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Ask Leland: What's Up With CBD Oil?

Jan 11, 2016 10:26AM, Published by Leland Rucker, Categories: Features, Cannabis News




I keep seeing these advertisements for legal CBD oil vaporizers that claim they are available in all 50 states. Since marijuana is still illegal in all but four states and the District of Columbia, is this oil really legal everywhere? –Desert Pete/Torrey, Utah

Well, Pete, the reason is that the CBD oil advertised is derived from the hemp plant. Both hemp and cannabis are the same genus, i.e. cannabis sativa. But each is grown for specific purposes.

Cannabis researchers have discovered more than 85 different cannabinoids in cannabis. CBD, or cannabidiol, is one, and THC, or delta-9-tetrahydrocannabinol, is another. So if the cannabis is being developed as an industrial product and grown for low THC levels, it’s hemp. If it’s being grown for mind pleasure, it’s going to have a greater percentage of THC, and it’s called cannabis.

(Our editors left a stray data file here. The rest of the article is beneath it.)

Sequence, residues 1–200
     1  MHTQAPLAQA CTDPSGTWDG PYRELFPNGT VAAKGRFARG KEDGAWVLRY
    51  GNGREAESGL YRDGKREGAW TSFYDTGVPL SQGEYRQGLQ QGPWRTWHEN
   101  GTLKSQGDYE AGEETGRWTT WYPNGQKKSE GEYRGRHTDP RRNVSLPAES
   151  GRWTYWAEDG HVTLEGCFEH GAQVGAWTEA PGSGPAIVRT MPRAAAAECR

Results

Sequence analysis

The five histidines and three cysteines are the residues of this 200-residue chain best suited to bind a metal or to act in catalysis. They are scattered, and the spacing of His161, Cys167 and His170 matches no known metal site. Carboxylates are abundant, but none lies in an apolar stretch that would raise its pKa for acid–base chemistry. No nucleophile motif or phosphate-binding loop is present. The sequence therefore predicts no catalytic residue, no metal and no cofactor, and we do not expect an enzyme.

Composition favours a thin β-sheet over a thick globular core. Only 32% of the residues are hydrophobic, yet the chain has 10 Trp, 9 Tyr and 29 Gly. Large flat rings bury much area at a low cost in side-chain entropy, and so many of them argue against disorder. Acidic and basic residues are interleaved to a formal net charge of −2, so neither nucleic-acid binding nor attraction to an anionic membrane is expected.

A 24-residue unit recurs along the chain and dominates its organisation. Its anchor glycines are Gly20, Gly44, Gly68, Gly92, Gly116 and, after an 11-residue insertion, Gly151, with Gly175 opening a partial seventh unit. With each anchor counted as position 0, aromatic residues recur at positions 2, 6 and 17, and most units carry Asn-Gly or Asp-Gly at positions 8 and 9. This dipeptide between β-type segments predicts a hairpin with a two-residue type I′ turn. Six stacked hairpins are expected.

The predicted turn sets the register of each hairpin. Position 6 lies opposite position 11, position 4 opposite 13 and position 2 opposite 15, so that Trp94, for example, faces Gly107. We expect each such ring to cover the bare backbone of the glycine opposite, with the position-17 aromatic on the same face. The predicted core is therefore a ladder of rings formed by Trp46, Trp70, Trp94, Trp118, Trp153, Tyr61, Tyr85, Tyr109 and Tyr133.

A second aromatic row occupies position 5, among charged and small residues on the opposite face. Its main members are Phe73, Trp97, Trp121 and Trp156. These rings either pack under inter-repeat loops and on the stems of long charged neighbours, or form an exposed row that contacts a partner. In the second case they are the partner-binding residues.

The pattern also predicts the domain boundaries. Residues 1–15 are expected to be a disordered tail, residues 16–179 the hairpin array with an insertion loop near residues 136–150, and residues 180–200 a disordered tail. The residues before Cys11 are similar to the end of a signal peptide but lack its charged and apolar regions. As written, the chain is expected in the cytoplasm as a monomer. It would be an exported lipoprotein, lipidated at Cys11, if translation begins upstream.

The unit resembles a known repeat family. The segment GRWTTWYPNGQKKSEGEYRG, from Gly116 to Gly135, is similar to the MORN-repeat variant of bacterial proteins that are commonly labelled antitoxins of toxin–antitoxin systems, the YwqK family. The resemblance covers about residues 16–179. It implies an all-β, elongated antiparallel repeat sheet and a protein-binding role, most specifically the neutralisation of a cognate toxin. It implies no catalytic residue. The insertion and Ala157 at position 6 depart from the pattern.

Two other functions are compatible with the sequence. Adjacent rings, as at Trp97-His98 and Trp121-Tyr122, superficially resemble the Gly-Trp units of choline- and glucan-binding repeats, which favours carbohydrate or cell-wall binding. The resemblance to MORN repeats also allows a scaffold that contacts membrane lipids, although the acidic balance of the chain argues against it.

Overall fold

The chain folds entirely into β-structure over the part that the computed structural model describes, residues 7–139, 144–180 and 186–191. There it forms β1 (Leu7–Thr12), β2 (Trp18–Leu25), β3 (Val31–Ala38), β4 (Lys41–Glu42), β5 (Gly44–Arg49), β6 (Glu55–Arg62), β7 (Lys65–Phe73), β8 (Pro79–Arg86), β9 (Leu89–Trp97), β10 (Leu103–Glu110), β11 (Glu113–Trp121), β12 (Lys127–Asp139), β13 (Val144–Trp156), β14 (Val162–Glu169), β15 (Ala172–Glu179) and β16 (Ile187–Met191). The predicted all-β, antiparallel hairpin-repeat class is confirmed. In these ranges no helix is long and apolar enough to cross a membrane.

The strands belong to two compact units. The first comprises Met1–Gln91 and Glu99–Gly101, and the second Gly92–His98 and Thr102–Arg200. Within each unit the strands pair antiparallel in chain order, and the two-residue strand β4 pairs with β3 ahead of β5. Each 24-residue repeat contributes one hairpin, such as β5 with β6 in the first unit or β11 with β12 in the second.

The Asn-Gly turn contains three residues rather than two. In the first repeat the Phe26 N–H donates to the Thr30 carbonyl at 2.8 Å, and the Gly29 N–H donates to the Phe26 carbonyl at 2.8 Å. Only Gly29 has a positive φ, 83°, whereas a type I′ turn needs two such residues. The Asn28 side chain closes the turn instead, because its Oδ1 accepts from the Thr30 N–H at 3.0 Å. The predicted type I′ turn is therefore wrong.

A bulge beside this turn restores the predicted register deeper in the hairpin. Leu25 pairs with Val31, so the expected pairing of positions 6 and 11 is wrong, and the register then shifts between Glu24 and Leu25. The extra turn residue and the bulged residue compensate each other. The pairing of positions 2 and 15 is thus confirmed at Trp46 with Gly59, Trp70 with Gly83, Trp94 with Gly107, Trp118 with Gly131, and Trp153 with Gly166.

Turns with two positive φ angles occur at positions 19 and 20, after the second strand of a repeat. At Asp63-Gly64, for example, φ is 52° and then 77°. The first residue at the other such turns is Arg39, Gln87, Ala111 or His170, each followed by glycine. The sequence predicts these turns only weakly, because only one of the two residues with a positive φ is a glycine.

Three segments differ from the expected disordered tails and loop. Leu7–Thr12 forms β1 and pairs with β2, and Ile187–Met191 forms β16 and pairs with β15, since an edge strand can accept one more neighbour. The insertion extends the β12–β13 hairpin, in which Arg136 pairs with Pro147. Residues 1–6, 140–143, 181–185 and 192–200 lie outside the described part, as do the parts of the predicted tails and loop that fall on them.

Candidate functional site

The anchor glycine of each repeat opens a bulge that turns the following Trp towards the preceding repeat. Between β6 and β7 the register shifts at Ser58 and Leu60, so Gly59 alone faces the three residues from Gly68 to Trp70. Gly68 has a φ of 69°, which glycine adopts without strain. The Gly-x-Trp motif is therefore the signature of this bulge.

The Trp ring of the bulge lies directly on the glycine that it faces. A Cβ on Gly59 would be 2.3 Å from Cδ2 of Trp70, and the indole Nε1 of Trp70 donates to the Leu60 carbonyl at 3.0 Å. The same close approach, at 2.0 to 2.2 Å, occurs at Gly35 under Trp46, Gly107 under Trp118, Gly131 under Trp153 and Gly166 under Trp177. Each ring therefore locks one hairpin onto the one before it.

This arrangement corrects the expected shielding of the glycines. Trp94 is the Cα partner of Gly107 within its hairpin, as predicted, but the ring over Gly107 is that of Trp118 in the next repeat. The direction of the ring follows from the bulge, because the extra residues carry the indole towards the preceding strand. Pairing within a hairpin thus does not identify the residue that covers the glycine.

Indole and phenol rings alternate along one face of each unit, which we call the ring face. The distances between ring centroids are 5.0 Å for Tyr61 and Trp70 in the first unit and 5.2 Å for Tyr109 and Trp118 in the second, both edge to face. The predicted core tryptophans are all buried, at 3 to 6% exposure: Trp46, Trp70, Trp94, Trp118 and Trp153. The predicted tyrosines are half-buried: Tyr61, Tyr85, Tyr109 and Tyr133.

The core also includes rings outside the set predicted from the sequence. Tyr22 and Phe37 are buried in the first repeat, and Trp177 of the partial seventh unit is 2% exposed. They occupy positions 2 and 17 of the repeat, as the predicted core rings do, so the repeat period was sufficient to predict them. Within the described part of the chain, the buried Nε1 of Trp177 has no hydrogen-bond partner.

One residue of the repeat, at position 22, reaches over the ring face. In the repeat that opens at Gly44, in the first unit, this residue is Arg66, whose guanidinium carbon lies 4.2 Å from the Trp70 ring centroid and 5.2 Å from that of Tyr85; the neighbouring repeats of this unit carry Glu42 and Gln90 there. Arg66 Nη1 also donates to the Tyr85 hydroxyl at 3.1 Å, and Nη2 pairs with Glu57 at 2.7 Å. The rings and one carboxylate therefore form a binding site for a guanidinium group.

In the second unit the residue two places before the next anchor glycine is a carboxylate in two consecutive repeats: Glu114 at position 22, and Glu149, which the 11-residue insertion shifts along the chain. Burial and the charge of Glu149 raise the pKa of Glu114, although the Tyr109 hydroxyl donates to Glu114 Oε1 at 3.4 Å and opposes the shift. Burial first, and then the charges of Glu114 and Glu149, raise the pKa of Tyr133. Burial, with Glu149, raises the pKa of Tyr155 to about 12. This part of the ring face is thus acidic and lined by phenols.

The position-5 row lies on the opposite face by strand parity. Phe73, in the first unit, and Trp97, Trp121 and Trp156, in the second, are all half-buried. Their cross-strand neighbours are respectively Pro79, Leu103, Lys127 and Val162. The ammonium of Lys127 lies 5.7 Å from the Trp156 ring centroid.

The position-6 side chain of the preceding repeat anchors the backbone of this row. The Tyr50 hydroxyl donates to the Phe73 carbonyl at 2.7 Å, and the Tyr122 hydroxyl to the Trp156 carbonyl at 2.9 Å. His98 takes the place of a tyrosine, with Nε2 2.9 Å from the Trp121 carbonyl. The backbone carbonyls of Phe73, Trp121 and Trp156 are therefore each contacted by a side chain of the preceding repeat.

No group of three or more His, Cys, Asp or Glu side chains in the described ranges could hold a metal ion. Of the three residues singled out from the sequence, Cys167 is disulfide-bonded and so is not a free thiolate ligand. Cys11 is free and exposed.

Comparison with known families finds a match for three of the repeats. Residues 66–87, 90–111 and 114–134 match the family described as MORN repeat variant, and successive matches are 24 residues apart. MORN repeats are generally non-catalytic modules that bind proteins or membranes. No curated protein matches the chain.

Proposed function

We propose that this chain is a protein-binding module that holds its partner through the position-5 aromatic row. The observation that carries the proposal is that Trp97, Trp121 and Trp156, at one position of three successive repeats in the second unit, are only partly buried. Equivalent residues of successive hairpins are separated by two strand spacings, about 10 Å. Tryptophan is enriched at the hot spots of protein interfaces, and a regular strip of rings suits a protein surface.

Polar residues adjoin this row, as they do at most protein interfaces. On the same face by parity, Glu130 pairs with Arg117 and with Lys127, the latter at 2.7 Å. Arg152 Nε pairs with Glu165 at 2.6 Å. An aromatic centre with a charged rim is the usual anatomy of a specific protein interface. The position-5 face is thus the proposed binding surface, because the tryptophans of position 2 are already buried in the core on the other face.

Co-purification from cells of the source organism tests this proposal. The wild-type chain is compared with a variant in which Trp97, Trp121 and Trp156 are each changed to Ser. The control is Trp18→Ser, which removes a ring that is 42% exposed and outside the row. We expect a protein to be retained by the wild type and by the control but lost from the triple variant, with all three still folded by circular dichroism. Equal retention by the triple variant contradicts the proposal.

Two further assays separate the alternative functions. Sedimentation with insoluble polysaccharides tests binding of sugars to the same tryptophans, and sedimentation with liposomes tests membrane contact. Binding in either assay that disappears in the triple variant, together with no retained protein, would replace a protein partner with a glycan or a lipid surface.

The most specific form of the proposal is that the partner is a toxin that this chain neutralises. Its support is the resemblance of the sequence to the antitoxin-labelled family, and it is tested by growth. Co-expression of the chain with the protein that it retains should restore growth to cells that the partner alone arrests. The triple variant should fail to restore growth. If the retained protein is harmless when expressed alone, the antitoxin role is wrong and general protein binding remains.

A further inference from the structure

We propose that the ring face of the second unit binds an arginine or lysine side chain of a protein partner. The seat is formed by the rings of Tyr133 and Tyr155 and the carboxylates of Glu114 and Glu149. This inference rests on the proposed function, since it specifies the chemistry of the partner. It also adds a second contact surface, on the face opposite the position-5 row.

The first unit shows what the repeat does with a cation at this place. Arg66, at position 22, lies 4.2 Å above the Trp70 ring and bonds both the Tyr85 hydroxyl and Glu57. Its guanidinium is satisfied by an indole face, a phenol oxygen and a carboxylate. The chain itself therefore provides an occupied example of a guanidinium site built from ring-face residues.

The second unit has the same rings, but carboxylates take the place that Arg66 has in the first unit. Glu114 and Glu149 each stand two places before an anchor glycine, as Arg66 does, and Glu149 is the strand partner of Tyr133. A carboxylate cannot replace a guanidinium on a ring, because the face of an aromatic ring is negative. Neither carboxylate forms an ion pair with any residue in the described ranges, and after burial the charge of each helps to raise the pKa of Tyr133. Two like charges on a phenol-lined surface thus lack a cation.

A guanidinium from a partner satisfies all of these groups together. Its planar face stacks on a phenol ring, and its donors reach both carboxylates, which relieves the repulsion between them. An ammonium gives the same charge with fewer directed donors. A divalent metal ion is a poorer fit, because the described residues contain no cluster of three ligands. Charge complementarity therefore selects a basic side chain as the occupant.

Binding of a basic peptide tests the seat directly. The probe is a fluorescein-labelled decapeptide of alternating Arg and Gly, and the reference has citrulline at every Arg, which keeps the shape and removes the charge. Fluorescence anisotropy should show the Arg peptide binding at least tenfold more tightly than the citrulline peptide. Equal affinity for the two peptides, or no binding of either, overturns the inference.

Many people are using hemp CBD oil for relief from pain, anxiety and inflammation, but the scientific effectiveness of hemp oil is being studied and debated by scientists these days.  

Though it had been a major crop here since the 18th century, all hemp production ended in the U.S. in 1937, and today most hemp is imported from China, Canada, and European countries. That could change as more states begin to allow hemp research and adjust laws to allow production. Twenty-four states (California, Colorado, Connecticut, Delaware, Hawaii, Illinois, Indiana, Kentucky, Maine, Maryland, Michigan, Missouri, Montana, Nebraska, New York, North Dakota, Oregon, South Carolina, Tennessee, Utah, Vermont, Washington, West Virginia and Virginia) have already changed the definition of hemp to distinguish it from other forms of cannabis, ending restrictions on its production.

So the oil in the ads is legal, but if you’re hoping to get a buzz from this kind of product, you won’t be successful. The typical limit for hemp is that it be no more than 0.3% THC on a dry-weight basis. The average THC level for cannabis sativa in Colorado is 18.7 percent.

Another thing to remember is that although CBD is considered to have the highest potential for medical applications, research on THC, the cannabinoid that gets people “high,” also suggests that isolating cannabinoids decreases their effectiveness. And according to the National Cancer Society, THC has been shown to be effective in attacking cancer cells without harming normal ones. So we have much to learn on this subject.

Got a question about legalization and marijuana? Send your cannabis conundrums to askleland@sensimag.com




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